Sunday, August 30, 2015

Terms of the Day for August 31

  • Motif – A decorative design or pattern or distinctive feature or dominant idea in an artistic or literary composition
  • Kenyalang – a traditional carved and painted wooden figure representing a hornbill.  In Southeast Asian cultures, the hornbill is emblematic of the upper realm, masculinity, and warrior skill.
  • Pua Kumbu – (poo-AH koom-BOO) a traditional patterned multicolored ceremonial cotton cloth used by the Iban culture, made and used in Sarawak, Malaysia. They are woven by women and are considered to be sacred objects. They are used for lifecycle rituals, special events, and funerals.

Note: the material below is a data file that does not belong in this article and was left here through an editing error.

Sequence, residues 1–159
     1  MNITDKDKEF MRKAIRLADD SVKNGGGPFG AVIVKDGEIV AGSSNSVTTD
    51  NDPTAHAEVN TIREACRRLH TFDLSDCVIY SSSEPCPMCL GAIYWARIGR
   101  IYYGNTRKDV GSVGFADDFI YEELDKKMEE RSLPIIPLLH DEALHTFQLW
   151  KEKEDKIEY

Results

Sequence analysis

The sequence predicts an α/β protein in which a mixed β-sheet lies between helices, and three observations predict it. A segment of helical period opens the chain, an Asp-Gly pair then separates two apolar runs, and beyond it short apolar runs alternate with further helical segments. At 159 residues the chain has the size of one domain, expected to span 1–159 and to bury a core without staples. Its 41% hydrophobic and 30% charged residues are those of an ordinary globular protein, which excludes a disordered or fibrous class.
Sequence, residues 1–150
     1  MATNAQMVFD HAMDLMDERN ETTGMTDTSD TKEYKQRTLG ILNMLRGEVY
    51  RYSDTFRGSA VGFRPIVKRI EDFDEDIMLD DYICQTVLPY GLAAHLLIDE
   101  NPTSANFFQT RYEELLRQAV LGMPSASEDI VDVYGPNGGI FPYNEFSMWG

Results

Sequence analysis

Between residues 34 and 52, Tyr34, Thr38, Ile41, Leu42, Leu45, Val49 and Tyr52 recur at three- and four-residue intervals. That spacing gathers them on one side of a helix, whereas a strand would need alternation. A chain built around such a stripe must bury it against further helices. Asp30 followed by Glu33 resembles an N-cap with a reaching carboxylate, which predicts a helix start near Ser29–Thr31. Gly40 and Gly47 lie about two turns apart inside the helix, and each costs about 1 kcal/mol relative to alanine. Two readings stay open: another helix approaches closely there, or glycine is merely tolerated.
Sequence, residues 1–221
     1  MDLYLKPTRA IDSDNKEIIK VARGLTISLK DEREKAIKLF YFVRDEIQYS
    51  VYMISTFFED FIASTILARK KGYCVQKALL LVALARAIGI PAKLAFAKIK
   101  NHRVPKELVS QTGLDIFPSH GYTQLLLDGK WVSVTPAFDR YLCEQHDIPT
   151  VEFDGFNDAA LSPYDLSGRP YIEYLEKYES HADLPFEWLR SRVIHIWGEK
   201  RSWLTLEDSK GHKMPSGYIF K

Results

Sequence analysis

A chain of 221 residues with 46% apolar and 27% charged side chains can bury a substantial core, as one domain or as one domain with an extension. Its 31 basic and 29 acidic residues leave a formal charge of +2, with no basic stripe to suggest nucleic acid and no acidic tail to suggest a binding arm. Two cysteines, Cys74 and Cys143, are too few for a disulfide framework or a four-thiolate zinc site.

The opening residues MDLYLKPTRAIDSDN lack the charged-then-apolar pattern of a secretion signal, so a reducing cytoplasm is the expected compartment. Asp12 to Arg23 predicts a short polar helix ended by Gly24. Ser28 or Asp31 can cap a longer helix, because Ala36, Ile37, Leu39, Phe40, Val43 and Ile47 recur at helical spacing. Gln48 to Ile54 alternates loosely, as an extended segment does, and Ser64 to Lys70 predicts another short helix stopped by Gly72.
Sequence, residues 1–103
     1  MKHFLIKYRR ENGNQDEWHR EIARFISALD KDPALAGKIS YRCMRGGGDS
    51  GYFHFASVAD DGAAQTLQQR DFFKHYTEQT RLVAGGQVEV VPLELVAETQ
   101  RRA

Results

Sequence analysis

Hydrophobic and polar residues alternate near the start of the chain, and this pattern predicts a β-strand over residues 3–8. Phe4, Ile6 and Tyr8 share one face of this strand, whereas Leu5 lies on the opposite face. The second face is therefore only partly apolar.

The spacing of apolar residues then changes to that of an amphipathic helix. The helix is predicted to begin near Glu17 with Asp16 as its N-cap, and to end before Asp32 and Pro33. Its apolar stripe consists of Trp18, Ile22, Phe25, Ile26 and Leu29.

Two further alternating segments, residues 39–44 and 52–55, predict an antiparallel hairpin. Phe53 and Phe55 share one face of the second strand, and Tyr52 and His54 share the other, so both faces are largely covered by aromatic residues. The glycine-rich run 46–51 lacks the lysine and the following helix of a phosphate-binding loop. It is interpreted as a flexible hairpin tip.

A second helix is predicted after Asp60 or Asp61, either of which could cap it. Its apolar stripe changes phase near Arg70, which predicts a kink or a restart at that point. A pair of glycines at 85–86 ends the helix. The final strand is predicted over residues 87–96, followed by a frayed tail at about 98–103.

• Tampan – a small, rectangular cloth used in areas of Southern Sumatra in Indonesia usually designed using a ship motif. They were used in transitional ceremonies, such as weddings, births, and funerals; the ship is said to signify transition and act as security during these transitory times.
  • Adu Zatua – (AH-doo SAHT-yoo) a wooden figure representing an ancestor.  The adu zatua is usually carved upon the death of the individual and emphasizes the person’s rank in society.
  • Tau-tau – meaning “man-statue”, a type of effigy made of wood or bamboo.  The effigy represents a deceased loved one and is clothed and maintained in memory of the deceased.

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